Not one of us, I am certain, ever expected to see poor Billy alive again.

"Let us get down," said C.

He whistled on a small silver whistle for some of the syces to come up, and we prepared to descend by the deer track I have already noted, to search for the mangled remains of our poor comrade.

When some of the men came up, C. ordered a spare elephant to be got as soon as possible; and then—a melancholy, moody, and silent party—we began the steep descent, each fearing the worst, and not daring to hope that the poor fellow had escaped a cruel death.

It was a wild, rugged spot. "We were soon in a dense shade, Towering rocks raised their rugged bosses on either side. It was no easy task, and not unattended with danger, getting to the bottom of the khud.

Not one of us spoke. I do not think one of us exchanged a syllable as we clambered down. We were all too busy with our forebodings, and sick at heart with the fate of our companion.

At last we got to the bottom of the deep ravine, and slowly, and struggling amid shattered rocks, tenacious creepers, and prostrate forest trees, began our search up the gloomy hollow.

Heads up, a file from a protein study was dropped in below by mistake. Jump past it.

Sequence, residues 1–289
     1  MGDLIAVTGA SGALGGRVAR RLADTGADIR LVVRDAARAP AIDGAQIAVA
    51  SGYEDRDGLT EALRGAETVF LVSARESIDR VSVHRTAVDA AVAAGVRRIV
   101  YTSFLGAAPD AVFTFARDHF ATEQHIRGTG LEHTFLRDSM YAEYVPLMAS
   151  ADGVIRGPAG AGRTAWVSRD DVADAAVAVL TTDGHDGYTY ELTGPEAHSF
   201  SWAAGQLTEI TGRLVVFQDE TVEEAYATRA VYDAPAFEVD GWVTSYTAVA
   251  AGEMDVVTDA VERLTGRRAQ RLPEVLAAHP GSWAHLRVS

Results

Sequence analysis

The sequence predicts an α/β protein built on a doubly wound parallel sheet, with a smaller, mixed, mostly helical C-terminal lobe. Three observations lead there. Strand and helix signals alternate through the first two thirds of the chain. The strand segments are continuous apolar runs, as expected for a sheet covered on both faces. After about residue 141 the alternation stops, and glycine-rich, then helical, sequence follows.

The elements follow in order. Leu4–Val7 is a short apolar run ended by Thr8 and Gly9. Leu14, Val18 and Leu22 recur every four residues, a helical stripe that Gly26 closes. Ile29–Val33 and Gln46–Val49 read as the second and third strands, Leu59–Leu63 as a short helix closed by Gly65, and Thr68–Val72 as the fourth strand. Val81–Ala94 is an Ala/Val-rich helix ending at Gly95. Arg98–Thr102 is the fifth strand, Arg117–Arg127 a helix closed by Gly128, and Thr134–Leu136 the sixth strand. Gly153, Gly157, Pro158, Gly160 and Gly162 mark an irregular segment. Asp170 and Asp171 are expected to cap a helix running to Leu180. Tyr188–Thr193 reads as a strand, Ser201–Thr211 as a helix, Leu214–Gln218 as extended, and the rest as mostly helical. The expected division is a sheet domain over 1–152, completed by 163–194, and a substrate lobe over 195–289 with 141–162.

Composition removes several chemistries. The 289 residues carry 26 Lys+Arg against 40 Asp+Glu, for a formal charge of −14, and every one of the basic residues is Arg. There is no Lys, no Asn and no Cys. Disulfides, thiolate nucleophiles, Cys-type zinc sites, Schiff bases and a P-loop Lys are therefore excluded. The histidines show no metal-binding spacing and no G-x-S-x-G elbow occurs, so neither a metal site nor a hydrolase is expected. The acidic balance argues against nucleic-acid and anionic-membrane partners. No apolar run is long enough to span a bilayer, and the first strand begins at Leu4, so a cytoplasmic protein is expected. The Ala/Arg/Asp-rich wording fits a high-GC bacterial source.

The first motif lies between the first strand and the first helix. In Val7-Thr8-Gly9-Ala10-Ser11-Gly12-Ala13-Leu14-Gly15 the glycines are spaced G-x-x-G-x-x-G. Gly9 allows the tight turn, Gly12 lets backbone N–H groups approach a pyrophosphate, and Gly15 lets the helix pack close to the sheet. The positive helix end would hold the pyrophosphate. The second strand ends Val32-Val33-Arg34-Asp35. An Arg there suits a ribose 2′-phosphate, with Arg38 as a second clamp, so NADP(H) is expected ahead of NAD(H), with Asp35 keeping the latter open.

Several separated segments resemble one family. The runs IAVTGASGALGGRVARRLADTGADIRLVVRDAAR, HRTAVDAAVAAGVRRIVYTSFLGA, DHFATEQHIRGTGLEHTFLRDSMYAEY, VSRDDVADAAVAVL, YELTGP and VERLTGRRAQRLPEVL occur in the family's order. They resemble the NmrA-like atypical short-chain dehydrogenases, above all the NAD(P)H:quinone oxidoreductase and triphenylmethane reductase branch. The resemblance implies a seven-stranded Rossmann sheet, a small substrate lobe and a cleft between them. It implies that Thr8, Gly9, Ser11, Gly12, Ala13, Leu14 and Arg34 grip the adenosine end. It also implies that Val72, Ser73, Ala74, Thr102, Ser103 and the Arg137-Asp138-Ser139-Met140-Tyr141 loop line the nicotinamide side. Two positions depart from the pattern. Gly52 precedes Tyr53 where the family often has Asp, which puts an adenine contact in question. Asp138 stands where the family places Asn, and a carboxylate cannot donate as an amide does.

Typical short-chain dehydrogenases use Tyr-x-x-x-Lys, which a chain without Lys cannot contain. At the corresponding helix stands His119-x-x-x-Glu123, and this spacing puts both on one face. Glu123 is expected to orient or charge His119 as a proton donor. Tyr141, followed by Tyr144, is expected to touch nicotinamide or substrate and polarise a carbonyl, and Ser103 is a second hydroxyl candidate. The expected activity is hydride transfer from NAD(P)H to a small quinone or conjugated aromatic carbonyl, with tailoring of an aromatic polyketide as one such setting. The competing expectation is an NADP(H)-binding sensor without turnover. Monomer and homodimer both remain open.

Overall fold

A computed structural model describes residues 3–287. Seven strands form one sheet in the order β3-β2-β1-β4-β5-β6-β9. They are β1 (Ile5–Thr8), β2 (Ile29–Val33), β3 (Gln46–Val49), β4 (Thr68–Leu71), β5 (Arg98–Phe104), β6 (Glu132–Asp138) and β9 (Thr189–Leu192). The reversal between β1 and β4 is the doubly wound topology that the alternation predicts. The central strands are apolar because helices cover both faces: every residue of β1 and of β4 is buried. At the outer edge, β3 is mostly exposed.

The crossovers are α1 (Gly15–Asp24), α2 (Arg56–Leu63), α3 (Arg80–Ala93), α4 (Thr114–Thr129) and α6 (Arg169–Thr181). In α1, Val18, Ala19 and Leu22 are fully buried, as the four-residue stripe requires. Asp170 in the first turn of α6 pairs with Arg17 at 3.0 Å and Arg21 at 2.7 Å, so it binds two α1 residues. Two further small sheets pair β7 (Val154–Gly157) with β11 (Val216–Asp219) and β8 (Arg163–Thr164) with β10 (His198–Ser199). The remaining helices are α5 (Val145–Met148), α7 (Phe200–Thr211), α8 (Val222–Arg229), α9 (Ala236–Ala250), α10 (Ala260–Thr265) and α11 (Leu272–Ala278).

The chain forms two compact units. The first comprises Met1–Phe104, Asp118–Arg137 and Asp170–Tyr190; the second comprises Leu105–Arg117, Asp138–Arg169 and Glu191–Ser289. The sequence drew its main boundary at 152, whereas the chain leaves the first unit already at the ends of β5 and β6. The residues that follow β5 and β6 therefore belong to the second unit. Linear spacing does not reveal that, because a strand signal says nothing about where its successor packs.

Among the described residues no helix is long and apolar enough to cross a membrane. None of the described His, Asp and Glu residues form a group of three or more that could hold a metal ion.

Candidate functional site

Already the news had spread among the beaters. It is amazing how quickly an alarm spreads among these wild hill-men. A knot of them were now tearing recklessly down the path by which we had descended, and their loud expressions of alarm and commiseration broke the silence.

I felt awfully sad at heart. I was reproaching myself with having brought the poor fellow with me, to act as a sort of butt; and my heart smote me as I thought how, if I had only aimed truer, or rushed in to help a little sooner, our poor comrade's life might have been spared.

C was in front, making a desperate attempt to clamber over a huge boulder that lay right in the path. Dense matted jungle barred the way on every side. Behind this wall of jagged rock we expected to find the mangled body of poor Billy. It was impossible any one could fall from such a height and not be killed.